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McMansions, we can all agree, are kind of dumpy. They are cookie-cutter signifiers of a certain quasi-attainable class, notable for their resemblance to something someone wealthy might buy, only immediately undercut by the fact that 700,000 also exist in your same suburban neighborhood, thus defeating an attempt you were making at ostentatiously displaying your unique status.
Luckily, for all of us who know what a waste they are, there is the blog site McMansion Hell, which points out the absurdity in America’s love of McMansions.
Here’s a sample of the humor, via Paper Mag:
Unfortunately, you can’t view McMansion Hell right now. The site has gone temporarily offline after receiving a cease-and-desist letter from online real estate giant Zillow.
Kate Wagner, the proprietor of McMansion Hell, posted the notice she received from Zillow Monday night to her Twitter account. In the letter, the company objects to her violating the copyright of the photos on their site. On McMansion Hell, Wagner would take their photos, add captions, and then host them on her site. Zillow said this violated the law.
Somebody help me, Zillow is threatening to sue me pic.twitter.com/mEiQ7ddiqS— bad house tweeter (@mcmansionhell) June 26, 2017
She pleaded with the web for any sort of help.
this blog is my entire livelihood, if it goes, I lose absolutely everything. https://t.co/Px1cUbULVo— bad house tweeter (@mcmansionhell) June 26, 2017
I have until June 29th to do something. Anyone who could help me out, please, please, DM me. https://t.co/Gs5ZuUsDr7— bad house tweeter (@mcmansionhell) June 26, 2017
Zillow perhaps became aware of the site after the Washington Post ran an article on the scourge of McMansions, saying that the “ultimate symbol of the pre-recession boom is back,” before quoting Wagner.
Kate Wagner, an architecture critic, wishes America would have learned its lesson about McMansions the first time around. She spends her free time tearing apart their architectural anachronisms on her blog, McMansion Hell.
Wagner describes McMansions as a particular artifact of economic history, one whose physical form was the product of a new American pastime: flipping houses.
“They were built to sell in the year they were selling, not for future generations,” said Wagner. “These houses are kind of disfigured, because they were built from the inside out, to have the most amenities to sell faster.”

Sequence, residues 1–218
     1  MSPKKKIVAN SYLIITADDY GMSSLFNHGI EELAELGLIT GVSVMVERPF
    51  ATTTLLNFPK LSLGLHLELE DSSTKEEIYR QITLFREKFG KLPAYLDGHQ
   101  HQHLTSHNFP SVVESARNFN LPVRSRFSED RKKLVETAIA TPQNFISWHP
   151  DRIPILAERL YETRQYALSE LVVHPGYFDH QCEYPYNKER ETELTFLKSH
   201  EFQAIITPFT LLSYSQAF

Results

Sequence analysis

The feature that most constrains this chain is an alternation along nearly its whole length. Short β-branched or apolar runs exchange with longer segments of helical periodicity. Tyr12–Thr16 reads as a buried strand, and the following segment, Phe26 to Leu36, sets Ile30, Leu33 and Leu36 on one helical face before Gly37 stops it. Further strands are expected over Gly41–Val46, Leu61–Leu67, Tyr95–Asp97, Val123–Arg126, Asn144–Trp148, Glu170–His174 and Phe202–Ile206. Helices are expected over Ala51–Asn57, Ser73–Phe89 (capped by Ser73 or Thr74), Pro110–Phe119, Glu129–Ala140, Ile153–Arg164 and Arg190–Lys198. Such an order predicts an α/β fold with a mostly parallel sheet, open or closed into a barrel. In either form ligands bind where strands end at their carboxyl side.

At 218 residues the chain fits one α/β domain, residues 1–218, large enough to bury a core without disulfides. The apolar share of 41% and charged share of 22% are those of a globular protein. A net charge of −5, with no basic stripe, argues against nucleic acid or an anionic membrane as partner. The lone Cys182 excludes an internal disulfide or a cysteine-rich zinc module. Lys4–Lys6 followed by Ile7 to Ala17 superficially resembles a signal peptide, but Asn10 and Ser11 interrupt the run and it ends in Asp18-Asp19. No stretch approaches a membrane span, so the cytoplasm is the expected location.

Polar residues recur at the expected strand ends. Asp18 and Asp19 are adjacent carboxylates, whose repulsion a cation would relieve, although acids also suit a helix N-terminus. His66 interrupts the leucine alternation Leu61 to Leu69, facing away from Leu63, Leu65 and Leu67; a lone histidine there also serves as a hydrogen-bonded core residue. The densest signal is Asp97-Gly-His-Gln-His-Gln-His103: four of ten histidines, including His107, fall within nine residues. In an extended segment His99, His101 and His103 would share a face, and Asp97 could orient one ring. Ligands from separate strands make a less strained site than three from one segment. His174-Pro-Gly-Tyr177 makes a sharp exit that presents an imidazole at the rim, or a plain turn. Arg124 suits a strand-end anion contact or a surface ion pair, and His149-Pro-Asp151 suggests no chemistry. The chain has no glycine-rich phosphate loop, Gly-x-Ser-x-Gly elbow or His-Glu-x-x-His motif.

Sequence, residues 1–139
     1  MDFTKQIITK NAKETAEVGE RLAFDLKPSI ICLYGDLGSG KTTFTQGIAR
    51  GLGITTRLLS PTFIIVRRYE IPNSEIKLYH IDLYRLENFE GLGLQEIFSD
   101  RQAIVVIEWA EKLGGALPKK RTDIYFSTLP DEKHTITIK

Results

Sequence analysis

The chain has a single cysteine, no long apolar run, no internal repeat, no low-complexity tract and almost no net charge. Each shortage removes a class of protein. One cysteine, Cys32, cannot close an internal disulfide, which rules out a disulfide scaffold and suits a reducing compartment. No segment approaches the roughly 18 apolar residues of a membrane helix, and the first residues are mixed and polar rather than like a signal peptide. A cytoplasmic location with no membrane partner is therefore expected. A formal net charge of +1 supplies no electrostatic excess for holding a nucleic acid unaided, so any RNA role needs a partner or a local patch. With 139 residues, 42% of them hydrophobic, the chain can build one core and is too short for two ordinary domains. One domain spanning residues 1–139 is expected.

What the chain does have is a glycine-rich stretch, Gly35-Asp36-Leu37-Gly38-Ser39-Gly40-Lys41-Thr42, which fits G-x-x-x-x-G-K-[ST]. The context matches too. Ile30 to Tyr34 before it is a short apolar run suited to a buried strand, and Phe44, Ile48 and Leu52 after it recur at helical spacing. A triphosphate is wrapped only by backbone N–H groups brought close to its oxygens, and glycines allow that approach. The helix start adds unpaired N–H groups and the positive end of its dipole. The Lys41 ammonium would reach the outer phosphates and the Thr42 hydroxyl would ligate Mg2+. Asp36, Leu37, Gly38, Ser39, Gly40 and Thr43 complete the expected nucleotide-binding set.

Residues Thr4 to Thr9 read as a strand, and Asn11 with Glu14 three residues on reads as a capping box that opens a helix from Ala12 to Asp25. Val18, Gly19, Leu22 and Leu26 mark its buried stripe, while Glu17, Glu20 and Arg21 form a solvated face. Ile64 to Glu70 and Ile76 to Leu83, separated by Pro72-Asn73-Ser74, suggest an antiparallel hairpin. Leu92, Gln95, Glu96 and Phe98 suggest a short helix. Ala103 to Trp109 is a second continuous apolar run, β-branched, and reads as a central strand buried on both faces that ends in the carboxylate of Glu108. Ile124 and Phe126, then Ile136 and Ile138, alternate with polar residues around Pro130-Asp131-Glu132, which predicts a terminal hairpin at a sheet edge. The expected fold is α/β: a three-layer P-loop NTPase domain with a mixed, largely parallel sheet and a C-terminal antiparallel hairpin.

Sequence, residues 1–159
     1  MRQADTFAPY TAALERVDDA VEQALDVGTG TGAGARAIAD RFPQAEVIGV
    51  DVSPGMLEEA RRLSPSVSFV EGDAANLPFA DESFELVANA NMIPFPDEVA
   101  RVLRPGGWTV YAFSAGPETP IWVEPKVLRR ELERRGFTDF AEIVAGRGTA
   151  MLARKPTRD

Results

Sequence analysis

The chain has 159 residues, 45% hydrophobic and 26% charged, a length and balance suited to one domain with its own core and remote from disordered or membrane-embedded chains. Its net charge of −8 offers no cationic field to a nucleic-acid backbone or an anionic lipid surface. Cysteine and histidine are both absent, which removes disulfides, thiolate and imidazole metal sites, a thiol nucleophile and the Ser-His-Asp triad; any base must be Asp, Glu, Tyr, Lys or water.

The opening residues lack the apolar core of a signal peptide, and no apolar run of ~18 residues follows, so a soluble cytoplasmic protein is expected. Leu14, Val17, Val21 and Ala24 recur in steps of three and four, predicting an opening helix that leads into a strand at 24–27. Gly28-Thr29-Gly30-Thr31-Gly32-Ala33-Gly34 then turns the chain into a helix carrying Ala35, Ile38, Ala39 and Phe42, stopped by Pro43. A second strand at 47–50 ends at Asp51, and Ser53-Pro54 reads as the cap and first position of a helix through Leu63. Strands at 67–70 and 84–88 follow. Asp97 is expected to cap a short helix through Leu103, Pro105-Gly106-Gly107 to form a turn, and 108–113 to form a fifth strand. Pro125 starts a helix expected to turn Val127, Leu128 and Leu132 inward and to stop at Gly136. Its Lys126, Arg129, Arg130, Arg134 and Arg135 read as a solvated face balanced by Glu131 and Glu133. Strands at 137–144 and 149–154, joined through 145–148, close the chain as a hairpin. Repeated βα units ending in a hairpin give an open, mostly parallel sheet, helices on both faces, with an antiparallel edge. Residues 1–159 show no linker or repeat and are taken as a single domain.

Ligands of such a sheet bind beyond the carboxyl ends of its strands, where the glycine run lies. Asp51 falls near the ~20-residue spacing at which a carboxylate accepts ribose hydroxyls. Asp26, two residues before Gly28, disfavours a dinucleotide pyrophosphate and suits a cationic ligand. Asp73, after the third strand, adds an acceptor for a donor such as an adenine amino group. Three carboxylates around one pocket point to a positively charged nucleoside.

Thankfully, after news of Zillow’s cease-and-desist letter went around, Wagner was able to get legal advice. The site is currently offline as Wagner debates her options, but she expects it to be back up by the end of this week.
tfw you get council & counsel wrong on the internet— bad house tweeter (@mcmansionhell) June 27, 2017
To clear up confusion, I'll be back with a post on Saturday. Nothing is gone.
also thank you to all the lawyers, realtors, educators, architects, writers, public figures, and journalists who reached out to me today.— bad house tweeter (@mcmansionhell) June 27, 2017
Zillow, for its part, said to the Verge they have nothing against the blogger. “We are asking this blogger to take down the photos that are protected by copyright rules, but we did not demand she shut down her blog and hope she can find a way to continue her work.”
Ironically, Zillow has had its own issues with copyrights. In February, they lost a case against photo company VHT over using copyrighted photos on their site. Originally ordered to pay $8 million in damages, that number has since been cut in half.
David Covucci is the Layer 8 editor at the Daily Dot, covering the intersection of politics and the web. His work has appeared in Vice, the Huffington Post, Jezebel, Gothamist, and other publications. He is particularly interested in hearing any tips you have. Reach out at [email protected]